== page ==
Your baby may be eating solid foods, and at first she was delighted with her new diet. She seemed to be enjoying her rice cereal, peas and carrots. She still eats fairly well, but she’s not gaining weight. During her last checkup, perhaps your baby was on the low end of the percentile growth chart. You pediatrician is a bit concerned, and he may recommend a variety of methods to encourage your baby to gain weight.
Normal Rates of Growth
According to KeepKidsHealthy.com, a baby typically grows at a rate of approximately 1 oz. per day from birth to 3 months, then slows to 3/4 oz. from 3 to 6 months, and by late infancy -- 6 to 12 months -- he may be gaining only 1/2 oz. a day. Older children grow even more slowly; for example, toddlers from 1 to 3 years old grow approximately 1/4 oz. a day. Your baby’s pediatrician normally won't become concerned, unless your baby’s weight falls below the 5th percentile for his age when it is coupled with a declining growth rate. There are various reasons for a baby’s failure to thrive, including genetics, nutrition and medical problems. If your baby is not thriving, his pediatrician should give him a thorough examination.
The Full Examination
During the evaluation, your pediatrician will ask for a detailed history of your child’s nutritional intake. She will want to know the exact amounts and types of foods your baby is eating and drinking, including juice. In addition, she will want to know about the presence of any medical symptoms, such as diarrhea, fever or vomiting. Your pediatrician will likely order a complete physical exam, with extensive screening. If no medical symptoms are detected, your pediatrician may just wish to keep a careful watch on your baby’s weight gain for the next few months. In extreme cases, she may refer your baby to a pediatric nutritionist or other specialist.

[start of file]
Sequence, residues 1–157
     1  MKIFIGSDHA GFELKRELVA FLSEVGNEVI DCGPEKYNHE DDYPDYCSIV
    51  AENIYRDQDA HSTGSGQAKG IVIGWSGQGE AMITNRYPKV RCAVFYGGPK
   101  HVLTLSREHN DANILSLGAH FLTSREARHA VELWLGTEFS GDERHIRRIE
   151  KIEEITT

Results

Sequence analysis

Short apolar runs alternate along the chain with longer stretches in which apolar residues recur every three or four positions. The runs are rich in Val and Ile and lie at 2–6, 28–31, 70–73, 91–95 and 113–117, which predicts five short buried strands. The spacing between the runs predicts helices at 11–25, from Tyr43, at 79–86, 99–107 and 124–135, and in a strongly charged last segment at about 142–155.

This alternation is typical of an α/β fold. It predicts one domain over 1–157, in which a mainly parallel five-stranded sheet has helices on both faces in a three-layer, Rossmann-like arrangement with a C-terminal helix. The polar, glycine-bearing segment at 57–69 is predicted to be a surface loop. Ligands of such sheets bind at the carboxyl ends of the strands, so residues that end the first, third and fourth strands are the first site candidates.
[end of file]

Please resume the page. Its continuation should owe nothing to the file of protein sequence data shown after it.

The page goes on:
To increase your baby’s intake of food, your pediatrician may suggest that you incorporate a variety of procedures to make mealtime easier and less stressful. Many pediatricians tell parents to allow the baby to feed himself as much as possible by offering finger foods and to keep him on a schedule of three meals daily with only two to three snacks. Offer juice or other liquids only after mealtime, and avoid trying to “bribe” or force your baby to eat. A baby who engages in a power struggle with his parents may become resistant to eating. Feed your baby high-calorie snacks with lots of nutrients and don't let him fill up on large amounts of juices or soda. Instead, give him breast milk or formula, which has more nutrition.
Additionally, your doctor may encourage you to feed your baby a more concentrated formula. For older babies, you can substitute whole milk, half-and-half, evaporated milk or condensed milk. Offer whole-milk milkshakes, made from ice cream or instant breakfast powder blended with milk. Give her pudding made from whole milk; add cheese or peanut butter to veggies. In addition, you can make a high-calorie gelatin by using fruit juice instead of water. Older babies can eat meats and breads with additional butter or sauces.
In “Parents” magazine, Dr. Wendy Sue Swanson suggests that if your baby is having difficulty gaining weight, you, as the parent, must remember that it’s your responsibility to feed him correctly. You must ensure that he learns to eat in a healthy manner by offering a diet that includes veggies, fruits, lean meats and proteins, whole grains, dairy or soy products. In addition, she recommends that you give an underweight baby at least one calorie-dense food at every meal, such as avocado. You can also try cooking with olive oil and fortifying baby's pasta or cereal with 1 tbsp. heavy cream. Dr. Alan Greene adds that you should also give your baby a multivitamin; even very young babies can take a liquid multivitamin as prescribed.